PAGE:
December 2010

Q + LA Geoffrey Rush

You have to admire an Aussie who thinks L.A. is like Brisbane—only bigger  by Robin Sayers


It’s a unique thrill to break the news to Geoffrey Rush that, thanks to Google, he is algorithmically joined at the hip ad infinitum to Tracy Morgan. The Australian has caught only a few episodes of 30 Rock (it doesn’t air Down Under), so he is delightfully astounded as I describe the ginormous EGOT (Emmy, Grammy, Oscar, Tony) necklace of Tracy Jordan—Morgan’s character on the show—and explain how, as the most likely next EGOT-er, Rush is inevitably referenced in stories about said pendant.

“I would call it GOET,” says Rush with a chuckle. “When I won the Tony last year [for Exit the King], somebody did mention, ‘You know, you’ve got to think about a Grammy,’ and I said, ‘Yeah, but that’s not my territory.’” I insist, given his phenomenal acting prowess and gilt-edged vocal cords, surely the Grammy will be the easiest letter to score. “I know Paul Scofield [a fellow EOT-er who passed away in 2008] recorded an album of Shakespearean speeches, but nobody has asked me to do that.” (Attention, all spoken-word album producers...)

That G will have to get in line, because the deafening buzz in Hollywood is that Rush might well be heading for a second O, thanks to his brilliant turn as the therapist who helps King George VI lose his stammer and find his voice in The King’s Speech. While the EGOOT notion would probably make Jordan’s head explode, for Rush it’s just business as usual.

What’s your favorite word?
I do love perusing the dictionary to find how many words I don’t use—words that have specific, sharp, focused meaning. I also love the sound of certain words. I love the sound of the word pom-pom.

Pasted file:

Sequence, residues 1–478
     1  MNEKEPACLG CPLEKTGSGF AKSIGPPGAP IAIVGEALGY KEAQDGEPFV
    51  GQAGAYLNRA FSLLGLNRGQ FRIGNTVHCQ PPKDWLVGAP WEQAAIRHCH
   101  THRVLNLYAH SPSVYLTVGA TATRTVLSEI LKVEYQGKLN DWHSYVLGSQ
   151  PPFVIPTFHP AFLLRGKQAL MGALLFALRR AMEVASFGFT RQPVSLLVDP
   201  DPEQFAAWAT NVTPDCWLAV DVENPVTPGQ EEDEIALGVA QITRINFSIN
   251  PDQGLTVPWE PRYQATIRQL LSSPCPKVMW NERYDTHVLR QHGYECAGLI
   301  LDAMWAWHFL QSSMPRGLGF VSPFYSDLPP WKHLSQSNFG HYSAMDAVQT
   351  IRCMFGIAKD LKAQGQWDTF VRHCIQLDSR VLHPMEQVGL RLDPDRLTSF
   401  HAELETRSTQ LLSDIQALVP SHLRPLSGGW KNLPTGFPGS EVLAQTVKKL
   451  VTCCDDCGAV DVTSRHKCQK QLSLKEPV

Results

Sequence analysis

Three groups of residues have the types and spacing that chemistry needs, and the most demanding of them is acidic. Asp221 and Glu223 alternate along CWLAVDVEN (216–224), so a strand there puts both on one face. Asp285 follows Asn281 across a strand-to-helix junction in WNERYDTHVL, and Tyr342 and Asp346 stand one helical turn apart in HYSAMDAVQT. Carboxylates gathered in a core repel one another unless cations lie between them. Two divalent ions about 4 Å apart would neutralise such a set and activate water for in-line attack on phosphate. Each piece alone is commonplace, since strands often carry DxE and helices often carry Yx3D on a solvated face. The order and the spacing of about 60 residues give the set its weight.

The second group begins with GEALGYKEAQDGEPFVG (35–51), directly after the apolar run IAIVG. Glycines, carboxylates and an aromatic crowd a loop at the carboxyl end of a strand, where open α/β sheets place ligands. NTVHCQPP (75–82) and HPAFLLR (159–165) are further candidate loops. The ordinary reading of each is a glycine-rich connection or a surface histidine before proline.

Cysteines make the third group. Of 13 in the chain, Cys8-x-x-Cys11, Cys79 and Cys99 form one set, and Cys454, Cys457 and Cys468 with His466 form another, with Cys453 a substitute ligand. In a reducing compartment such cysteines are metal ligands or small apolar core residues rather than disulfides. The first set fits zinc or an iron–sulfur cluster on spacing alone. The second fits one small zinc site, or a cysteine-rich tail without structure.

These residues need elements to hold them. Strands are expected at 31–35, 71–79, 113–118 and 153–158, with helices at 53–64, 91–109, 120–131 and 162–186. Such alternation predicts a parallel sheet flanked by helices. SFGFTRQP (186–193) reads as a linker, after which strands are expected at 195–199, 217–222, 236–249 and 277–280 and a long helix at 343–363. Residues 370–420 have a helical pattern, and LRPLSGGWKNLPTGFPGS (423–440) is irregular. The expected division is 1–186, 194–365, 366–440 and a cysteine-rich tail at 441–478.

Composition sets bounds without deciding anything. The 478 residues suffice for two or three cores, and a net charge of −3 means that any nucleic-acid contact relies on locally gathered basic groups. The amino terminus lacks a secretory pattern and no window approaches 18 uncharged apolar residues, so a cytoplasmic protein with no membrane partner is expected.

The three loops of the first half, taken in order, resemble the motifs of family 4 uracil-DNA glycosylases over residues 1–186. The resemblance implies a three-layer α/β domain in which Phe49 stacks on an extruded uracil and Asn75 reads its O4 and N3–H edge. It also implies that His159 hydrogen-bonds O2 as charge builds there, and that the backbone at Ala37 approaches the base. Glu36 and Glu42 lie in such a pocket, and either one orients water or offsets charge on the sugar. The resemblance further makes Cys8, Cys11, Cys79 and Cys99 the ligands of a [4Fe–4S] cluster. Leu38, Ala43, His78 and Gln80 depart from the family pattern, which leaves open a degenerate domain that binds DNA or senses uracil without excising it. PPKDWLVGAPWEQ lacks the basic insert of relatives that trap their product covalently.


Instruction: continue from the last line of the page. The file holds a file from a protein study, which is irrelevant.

As in, shake your...?
Yeah. I just think pom-pom is such a good thing. I also like transmogrify, because I think as an actor, that’s something you’ve got to be aware of. You have to do exactly that—shape yourself into a different personality, or even a different silhouette.

Do you get a sixth sense about projects?
Sometimes you do feel a script that glows in your hand the moment you start reading it. By page four of Shakespeare in Love, I said, “I have to be in this movie.” When they offered me Elizabeth, I liked the script, but I didn’t really come so strongly from a dramatic background. I was more a comic actor, playing the clown and fool and rogue and idiot repertoire. Then [director] Shekhar Kapur came over to Prague while I was shooting Les Misérables and took me out to dinner, and suddenly I saw the script in a whole different light. He said to me, “I think Walsingham is like Krishna.” No English director would have said that. He spoke about the sense of history of that period in slightly more mystical terms, and I thought, That’s really fascinating—I think I’d enjoy this process. The most hilarious thing is at the end of the night, he said to me, “Do you want a Becherovka?” That’s a Czech liqueur, but I thought he said, “Do you want a better offer,” meaning money. The conversation went on, where I sort of tried to hedge, because I didn’t really want to discuss money at that point. But it all turned out well, and I did end up doing the movie.

But did you end up having the drink?
We did. It’s very aromatic, like a Fernet-Branca or some Drambuie-ish kind of thing.

You have great initials—G.R.R. [Geoffrey Roy Rush].
It’s sort of like a sexual growl. I think Lucy in “Peanuts” says “Grr.” Sometimes to be scrappy or cheeky, I sign off a text with GRR. It’s the new version of LOL or ROTFLMAO. If I text, I tend to punctuate very accurately. I hardly ever shorten words, and I use a lot of ellipses and brackets and the semicolon. It’s the most underused key. The only thing with texts is, you’ve got to be careful. You have to write “ha-ha” or “heehee” in brackets just to let people know that what you’re saying is not abusive.